• Radicals, Centrists, and the Postures of the Kingdom of God

    Centrists and moderates often have a bad reputation. They’re often accused of not really taking a position on today’s most important issues. I’m not here to defend centrists today. But I wonder if this entire conversation might be missing the point.
  • A Call for Conservative Voices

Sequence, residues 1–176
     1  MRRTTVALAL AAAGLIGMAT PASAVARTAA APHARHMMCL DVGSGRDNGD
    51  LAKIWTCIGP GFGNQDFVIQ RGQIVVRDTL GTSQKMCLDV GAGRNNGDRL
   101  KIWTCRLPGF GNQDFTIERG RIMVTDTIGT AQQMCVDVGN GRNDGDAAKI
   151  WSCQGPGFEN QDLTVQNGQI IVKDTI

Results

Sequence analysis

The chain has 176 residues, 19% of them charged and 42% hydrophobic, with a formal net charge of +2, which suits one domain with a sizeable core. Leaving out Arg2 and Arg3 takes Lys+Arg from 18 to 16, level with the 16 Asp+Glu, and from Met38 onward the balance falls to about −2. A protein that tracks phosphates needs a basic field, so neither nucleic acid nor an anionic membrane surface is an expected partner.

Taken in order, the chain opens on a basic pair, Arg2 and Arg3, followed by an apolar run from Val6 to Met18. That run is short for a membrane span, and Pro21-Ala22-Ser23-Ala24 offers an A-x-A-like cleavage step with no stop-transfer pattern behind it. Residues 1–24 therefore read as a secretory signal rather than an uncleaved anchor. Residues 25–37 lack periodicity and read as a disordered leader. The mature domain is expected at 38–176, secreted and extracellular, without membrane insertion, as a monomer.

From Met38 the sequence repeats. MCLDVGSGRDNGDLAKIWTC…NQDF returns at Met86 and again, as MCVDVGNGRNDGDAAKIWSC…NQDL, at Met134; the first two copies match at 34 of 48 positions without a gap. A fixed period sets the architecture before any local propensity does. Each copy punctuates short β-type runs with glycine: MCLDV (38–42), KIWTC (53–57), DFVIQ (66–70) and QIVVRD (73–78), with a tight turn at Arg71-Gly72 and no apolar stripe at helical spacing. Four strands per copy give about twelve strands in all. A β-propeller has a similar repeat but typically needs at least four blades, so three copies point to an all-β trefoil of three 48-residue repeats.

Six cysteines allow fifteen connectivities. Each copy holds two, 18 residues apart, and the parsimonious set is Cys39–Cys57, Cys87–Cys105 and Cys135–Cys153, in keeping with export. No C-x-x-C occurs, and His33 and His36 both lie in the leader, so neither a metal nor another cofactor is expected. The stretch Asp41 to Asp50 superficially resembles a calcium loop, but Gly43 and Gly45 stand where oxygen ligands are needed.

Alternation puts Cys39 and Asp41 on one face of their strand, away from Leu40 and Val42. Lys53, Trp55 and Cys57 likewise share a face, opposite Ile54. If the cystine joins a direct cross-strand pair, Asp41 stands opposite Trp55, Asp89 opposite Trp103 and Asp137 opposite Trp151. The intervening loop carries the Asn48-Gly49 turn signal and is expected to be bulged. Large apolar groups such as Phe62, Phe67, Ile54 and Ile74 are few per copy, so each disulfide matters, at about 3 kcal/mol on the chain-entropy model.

Conservative Christians, I believe in you. I love you. I admire your faith, your witness, your dedication to Scripture. I value your voice - let no one silence you! You are a crucial, effective part of the Christian faith. We need you to continue kindling our spiritual fervor for being in a personal relationship with Christ. We need your steady reminders about the importance that the Word of God holds for our daily lives. But my heart is breaking for you. When I survey the landscape of Christian writers, the conservative voices that I hear most clearly are not the voices that accurately represent you. The conservative conversation is being dominated by writers who are giving you an identity that is not your own. These writers have become so occupied with shouting the “defense of the Gospel against liberalism” that they’ve forgotten the greatest commandments. You are kind and loving and humble, but the most vocal of the conservative Christian voices that claim to speak for you proclaim judgment and hate and arrogance. I consider myself a political and theological moderate, but I was raised in a strictly conservative home. Even though my own views on some matters have changed with time, I have nothing but respect and appreciation for the way I was raised - the hearts and attitudes of the people in my life were pure and beautiful. My conservative community taught me discernment and trained me to challenge the ideological norms of the world. As I’ve grown, I’ve made it my mission to seek the middle ground, the place of reconciliation between polar extremes, the sanctuary of peace between the labels. I embrace the positives in both liberal ideals and conservative thoughts alike. But recently, based on the loud online conversations of conservative extremists, I am finding less and less of your position that I can defend. I want to stand with you in defense against the far left, but I need ground to defend. I need to hear you - the real you, not the ones that claim your name but don't share your values - so I can stand alongside you. We all know the Bible’s “Love Chapter” and what it says about loving our spouses. Try to read it with me today, though, as if you were reading it for the first time. Apply it to the way we treat those with different ideologies, whether that’s the liberals, the conservatives, the LGBT supporters, the traditional marriage advocates, the egalitarians, the complementarians, or any other “other” perspective. If I could speak all the languages of earth and of angels, but didn’t love others, I would only be a noisy gong or a clanging cymbal. If I had the gift of prophecy, and if I understood all of God’s secret plans and possessed all knowledge, and if I had such faith that I could move mountains, but didn’t love others, I would be nothing. If I gave everything I have to the poor and even sacrificed my body,…